Deregulation of the British Water Market
Our guide to the deregulation of the British water market and what this means for business.
Privatisation in England and Wales (1989)
In 1989 the English and Welsh water sector was privatised creating the world’s first fully privatised water system. Ten for-profit regional water authorities were created to supply households and businesses. These were:
- Anglian Water
- Dwr Cymru Water
- North West Water
- Northumbrian Water
- Severn Trent Water
- Southern Water
- South West Water
- Thames Water
- Wessex Water
- Yorkshire Water
Privatisation is thought to have achieved higher levels of investment in the industry contributing to the high standards of water quality enjoyed by households and businesses.
Scottish water deregulation (2008)
Scotland was the first part of the UK to adopt the deregulated market for business customers. The change gave Scotland’s 130,000 businesses the right to switch from their supplier of water.
Scottish Water business customers were transferred to a newly created subsidiary, Business Stream. Upon deregulation, new water suppliers entered the market giving the customers of Business Stream an alternative. The new suppliers purchase water at the wholesale rate from Scottish Water and sell this to businesses along with additional services.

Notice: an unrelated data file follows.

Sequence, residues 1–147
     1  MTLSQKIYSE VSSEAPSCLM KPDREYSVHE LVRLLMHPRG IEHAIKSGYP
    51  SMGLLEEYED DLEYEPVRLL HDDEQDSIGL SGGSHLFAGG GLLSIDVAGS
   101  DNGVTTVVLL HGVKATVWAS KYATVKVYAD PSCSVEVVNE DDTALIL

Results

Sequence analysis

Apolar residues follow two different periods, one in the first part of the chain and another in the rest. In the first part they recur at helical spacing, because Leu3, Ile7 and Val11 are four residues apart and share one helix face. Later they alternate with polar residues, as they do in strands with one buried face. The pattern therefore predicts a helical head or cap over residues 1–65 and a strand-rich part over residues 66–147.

The introduction of competition into the market led to better service and lower prices for business customers.
Deregulation in England and Wales (2017)
In 2017 England and Wales followed Scotland’s lead and deregulated the supply of water to business customers. In response to the deregulation, the regional suppliers either created business retailing arms or they sold their business contracts to other licensed suppliers. Businesses were informed of the switch in their supply.
The current water market
Today all businesses in England and Scotland, and those of a certain size in Wales, can choose the supplier of their water and wastewater services. There are currently 21 licensed suppliers of water in England, 20 in Scotland, and 13 in Wales. These suppliers offer competing levels of pricing and service. The water market works in the same way as for electricity, gas, and telecoms with suppliers being separate from the management of infrastructure.
What is the effect of deregulation in the British Water Market?
Deregulation has introduced competition into the market, with the suppliers now competing for customers. Suppliers are incentivised to provide better customer service at a more competitive price, saving businesses money.